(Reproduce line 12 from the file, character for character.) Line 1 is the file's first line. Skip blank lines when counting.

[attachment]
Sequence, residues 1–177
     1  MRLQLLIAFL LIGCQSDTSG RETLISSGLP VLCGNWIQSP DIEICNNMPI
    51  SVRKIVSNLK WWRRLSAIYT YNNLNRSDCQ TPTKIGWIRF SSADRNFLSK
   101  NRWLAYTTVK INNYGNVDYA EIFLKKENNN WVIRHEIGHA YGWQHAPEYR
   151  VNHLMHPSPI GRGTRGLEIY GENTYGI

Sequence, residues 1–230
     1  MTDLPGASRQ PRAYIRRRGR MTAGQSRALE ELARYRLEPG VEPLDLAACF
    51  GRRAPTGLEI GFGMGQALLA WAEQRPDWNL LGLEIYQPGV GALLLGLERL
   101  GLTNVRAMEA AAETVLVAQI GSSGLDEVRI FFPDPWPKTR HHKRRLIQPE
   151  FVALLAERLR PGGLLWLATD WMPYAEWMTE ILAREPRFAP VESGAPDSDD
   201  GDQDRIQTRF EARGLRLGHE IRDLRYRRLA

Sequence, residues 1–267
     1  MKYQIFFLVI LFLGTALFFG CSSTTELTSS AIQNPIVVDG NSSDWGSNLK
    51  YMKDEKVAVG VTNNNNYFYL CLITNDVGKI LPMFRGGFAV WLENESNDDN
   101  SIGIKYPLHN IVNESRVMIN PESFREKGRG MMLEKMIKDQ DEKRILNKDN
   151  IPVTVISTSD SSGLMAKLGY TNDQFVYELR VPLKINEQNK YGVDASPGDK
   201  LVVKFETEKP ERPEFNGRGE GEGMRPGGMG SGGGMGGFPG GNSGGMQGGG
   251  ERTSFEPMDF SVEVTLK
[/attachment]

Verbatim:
Sequence, residues 1–267